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Returning to "normal" presents new and unexpected challenges
By July 4, nearly 70% of American adults will have at least one vaccination shot. Children 12 years of age and older are beginning to get vaccinated at a pretty good clip, and now we are hearing those vaccinations may soon be available for children as young as two years old. States across the country are lifting health orders, and it’s starting to feel like we could get back to “normal” soon.
But I don’t think we will ever fully go back to what we considered “normal” 18 months ago. Parts of how we lived our lives will come back, but some things will never be the same. The pandemic has changed us permanently.
Many of us are also feeling anxious about the shift out of pandemic life, including me. At Beech Brook, we spent countless hours redesigning the way we do business and the way we serve our clients. The changes were hard then and changes we face today will also be hard. Maybe harder. The difference between March of 2020 and now is that when the pandemic started, we had to change in very specific ways. There was really no choice. But now that health restrictions have been lifted and the risk to our staff and clients has dropped dramatically, we have some choices to make. In 2020, we didn’t all have to agree on what course we would take. The restrictions were what they were. Now, we find that maybe our pre-pandemic lives were not as great as we may have believed, but we all have different ideas about what that means and what we should do about it.
At Beech Brook, we basically have two groups of staff: those who work in an office setting and those who provide services in other places, such as schools, day care centers, recreation centers, or in homes. Our customers want us to provide in-person, face-to-face services with children and their families. This is a customer-driven decision, and most of us would agree that while providing services through teleservices was adequate, it is probably not optimal for most (not all) of our clients, especially young children. And we want to provide the best.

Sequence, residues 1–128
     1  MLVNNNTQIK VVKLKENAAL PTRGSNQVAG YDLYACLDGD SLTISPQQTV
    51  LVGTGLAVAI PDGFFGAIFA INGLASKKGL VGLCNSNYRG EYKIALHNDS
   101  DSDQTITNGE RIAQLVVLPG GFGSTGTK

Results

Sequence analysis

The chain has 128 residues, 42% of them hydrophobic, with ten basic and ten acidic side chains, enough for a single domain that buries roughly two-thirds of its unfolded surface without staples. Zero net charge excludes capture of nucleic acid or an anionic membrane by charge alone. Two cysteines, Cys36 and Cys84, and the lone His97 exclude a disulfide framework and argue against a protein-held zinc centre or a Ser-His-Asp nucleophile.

On the surface, returning to the “normal” way of delivering services should be easy, but it isn’t. The biggest problem is that we face a significant staffing shortage, not unlike nearly every similar agency that I am aware of. We know that we are going to experience a significant increase in referrals soon, likely starting in late August or early September, but we simply do not have enough staff to meet the need by doing things the old way.
Office-based staff have demonstrated that they, too, can do their jobs effectively from home. Beech Brook invested significant resources in technology, allowing people to work as well from home as they could on site. Many don’t want to return to “normal” and come back to the office. Clearly, for Beech Brook, there are financial benefits to this arrangement. Staff would spend less time traveling and be more efficient. Our physical space footprint would be smaller, saving money on space and utilities. This money could go to serving clients. But I worry about losing continuity and culture.